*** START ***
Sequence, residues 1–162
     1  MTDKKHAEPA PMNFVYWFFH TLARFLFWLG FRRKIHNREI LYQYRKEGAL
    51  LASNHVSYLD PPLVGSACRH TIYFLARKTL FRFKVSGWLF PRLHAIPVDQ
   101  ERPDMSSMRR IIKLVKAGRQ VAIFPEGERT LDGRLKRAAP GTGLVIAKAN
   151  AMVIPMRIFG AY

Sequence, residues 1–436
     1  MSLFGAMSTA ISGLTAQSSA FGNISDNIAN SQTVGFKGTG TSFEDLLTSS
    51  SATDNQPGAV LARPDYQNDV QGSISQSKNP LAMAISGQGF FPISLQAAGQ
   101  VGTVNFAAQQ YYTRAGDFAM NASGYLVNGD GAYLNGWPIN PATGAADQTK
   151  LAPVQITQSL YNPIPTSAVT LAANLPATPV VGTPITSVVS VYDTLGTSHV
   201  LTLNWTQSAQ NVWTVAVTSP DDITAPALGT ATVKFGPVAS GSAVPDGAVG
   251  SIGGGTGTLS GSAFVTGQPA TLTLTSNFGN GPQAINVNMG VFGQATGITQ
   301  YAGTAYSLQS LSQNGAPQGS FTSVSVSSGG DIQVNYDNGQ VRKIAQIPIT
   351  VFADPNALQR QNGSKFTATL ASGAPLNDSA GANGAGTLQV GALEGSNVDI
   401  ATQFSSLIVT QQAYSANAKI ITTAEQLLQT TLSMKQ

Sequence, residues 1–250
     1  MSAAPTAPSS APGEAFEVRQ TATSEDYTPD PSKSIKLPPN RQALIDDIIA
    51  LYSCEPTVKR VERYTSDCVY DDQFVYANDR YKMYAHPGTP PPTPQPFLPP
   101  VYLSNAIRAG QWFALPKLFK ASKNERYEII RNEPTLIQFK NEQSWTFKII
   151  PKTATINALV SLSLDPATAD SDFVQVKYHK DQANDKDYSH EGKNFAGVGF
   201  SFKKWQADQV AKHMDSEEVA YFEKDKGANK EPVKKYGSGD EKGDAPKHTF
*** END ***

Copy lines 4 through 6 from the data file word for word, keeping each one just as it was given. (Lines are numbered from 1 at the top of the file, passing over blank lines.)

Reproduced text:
   101  ERPDMSSMRR IIKLVKAGRQ VAIFPEGERT LDGRLKRAAP GTGLVIAKAN
   151  AMVIPMRIFG AY

Sequence, residues 1–436